Two-year associate programs in nuclear technology are designed for students who want to work as assistants in nuclear power plants or related facilities. Enrolled students complete lecture-based courses and lab sessions, and internship opportunities may be available.
Two-year associate programs in nuclear medicine technology are geared toward students who want to assist physicians and other healthcare professionals with diagnostic procedures. The curriculum usually consists of clinical practica, classroom sessions, and an externship. Earning an associate degree in nuclear medicine technology can lead to certification or state-required licensure.
Associate of Science in Nuclear Technology
This program trains students for a career as a nuclear technician in nuclear power plants, reactors, and businesses working with nuclear power. Students learn to use remote controlled machinery to handle radioactive materials or materials that have been exposed to radiation. This program focuses mostly on the sciences and is usually two years in length. Students will need to have a high school diploma or GED.
Courses in this nuclear technology program typically apply mathematical knowledge from fields like algebra, trigonometry, and calculus as those subjects apply to the industry. Students also learn to use mathematics to explain natural phenomena. Students gain essential communication and writing skills. Here is a sampling of courses you might take:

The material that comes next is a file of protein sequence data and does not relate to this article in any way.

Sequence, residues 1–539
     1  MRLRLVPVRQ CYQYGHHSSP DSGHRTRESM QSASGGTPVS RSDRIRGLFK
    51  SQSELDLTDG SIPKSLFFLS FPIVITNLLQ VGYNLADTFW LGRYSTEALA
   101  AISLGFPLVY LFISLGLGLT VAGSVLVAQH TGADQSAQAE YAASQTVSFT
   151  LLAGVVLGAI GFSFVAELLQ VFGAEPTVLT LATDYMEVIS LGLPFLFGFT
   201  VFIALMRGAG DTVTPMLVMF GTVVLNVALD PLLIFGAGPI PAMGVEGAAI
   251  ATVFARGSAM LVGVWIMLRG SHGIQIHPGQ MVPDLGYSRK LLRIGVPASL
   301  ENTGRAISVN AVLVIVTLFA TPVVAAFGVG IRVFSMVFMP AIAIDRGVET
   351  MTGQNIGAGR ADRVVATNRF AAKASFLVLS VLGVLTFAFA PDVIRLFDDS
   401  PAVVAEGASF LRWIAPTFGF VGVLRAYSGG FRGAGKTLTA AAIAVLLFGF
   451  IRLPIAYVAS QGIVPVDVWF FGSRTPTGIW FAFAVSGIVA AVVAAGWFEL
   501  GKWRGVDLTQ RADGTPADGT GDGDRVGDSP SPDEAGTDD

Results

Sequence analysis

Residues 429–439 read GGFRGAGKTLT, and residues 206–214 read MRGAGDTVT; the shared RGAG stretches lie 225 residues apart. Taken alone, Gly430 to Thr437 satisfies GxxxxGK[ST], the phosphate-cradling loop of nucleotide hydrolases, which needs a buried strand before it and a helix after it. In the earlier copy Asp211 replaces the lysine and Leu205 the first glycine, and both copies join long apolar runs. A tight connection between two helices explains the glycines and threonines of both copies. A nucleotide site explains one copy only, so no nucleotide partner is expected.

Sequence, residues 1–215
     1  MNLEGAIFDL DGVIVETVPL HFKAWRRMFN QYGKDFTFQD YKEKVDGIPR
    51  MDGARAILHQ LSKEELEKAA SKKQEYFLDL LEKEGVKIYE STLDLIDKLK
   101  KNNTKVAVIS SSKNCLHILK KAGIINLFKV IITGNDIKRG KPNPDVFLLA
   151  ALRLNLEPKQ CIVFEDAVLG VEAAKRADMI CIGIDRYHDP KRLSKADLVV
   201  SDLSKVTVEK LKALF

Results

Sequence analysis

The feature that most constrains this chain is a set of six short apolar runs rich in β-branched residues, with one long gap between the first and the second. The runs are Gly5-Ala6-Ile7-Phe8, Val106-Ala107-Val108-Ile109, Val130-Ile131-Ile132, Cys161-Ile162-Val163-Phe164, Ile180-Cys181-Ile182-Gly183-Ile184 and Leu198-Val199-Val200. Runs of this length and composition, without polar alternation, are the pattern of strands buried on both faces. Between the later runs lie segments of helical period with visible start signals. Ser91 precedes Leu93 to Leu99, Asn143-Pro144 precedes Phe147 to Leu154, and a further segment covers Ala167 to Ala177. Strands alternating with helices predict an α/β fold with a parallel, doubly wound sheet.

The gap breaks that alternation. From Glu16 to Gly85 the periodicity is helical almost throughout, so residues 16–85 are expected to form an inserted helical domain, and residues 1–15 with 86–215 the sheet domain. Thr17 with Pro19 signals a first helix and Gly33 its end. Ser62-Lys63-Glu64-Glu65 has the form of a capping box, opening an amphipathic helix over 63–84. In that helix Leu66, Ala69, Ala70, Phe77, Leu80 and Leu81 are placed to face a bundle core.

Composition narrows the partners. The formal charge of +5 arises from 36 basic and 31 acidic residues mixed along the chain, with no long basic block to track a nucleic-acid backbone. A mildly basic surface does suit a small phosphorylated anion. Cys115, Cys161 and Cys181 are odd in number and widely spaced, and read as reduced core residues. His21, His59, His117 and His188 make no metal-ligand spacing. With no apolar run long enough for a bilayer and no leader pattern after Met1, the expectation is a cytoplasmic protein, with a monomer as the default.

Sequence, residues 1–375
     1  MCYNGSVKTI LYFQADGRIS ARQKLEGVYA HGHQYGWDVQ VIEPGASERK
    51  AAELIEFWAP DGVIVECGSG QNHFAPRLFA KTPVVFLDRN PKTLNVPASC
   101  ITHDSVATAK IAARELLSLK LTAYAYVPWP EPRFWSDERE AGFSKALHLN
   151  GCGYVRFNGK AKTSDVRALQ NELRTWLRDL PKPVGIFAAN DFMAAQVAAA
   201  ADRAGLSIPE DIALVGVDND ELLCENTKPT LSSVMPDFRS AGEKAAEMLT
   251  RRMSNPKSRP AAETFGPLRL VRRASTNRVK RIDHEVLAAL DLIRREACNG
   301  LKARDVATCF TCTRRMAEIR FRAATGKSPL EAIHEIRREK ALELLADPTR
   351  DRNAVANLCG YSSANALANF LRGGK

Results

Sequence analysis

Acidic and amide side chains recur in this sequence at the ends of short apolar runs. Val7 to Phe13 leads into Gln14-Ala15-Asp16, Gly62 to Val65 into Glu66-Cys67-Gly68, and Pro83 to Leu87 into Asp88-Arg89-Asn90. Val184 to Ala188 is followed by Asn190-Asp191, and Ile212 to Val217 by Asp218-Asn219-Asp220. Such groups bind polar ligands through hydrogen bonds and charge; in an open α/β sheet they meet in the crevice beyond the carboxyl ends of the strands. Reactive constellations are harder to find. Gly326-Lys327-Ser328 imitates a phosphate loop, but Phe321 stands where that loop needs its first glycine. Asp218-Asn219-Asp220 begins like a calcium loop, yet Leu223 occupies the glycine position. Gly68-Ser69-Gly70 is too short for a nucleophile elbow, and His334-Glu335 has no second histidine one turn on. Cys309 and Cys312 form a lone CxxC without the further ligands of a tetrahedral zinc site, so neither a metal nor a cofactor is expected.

- Properties and reactivity
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- Nuclear Technologies
Associate of Science in Nuclear Medicine Technology
Nuclear medicine technicians, also known as nuclear medicine technologists, work with doctors performing medical procedures with nuclear technology to treat and diagnose patients. For example, a nuclear medicine technologist might use minimal quantities to visualize tumors or malfunctioning internal organs. Students must have a high school diploma or GED.
Associate degree programs include both academic and clinical preparation. Graduates usually sit for the Nuclear Medicine Technology Certification Board's exam. The American Registry of Radiologic Technology also administers an alternate exam. Most students must also be licensed by the state in which they choose to work. The following are courses can be expect in a nuclear medicine technology associate's degree program:
- Medical terminology
- Nuclear medicine technology
- Nuclear medicine instrumentation
Graduates are qualified for entry-level employment after completing state exams. Technicians work in both industrial and military arenas in areas such as:
- Health physics
- Reactor operations
- Chemical technology
- Quality assurance
- Control technology
According to the U.S. Bureau of Labor Statistics, www.bls.gov, nuclear medicine technologists made an average annual salary of $74,990 in May 2015. The lowest-paid 10% of nuclear medical technologists earned $52,950 or less, while the highest-paid 10% of nuclear medical technologists made $100,080 in May 2015.
Working nuclear technology technicians usually have the necessary skills and prerequisites to enroll in a 4-year bachelor's degree program in engineering or radiology. This is especially beneficial for technicians looking to advance in the field who have experience assisting nuclear engineers.
Individuals looking for an associate's degree in nuclear technology will learn about power plants and businesses working in nuclear power. On the other hand, nuclear medicine technology students prepare to work with physicians using procedures in nuclear technology to help patients.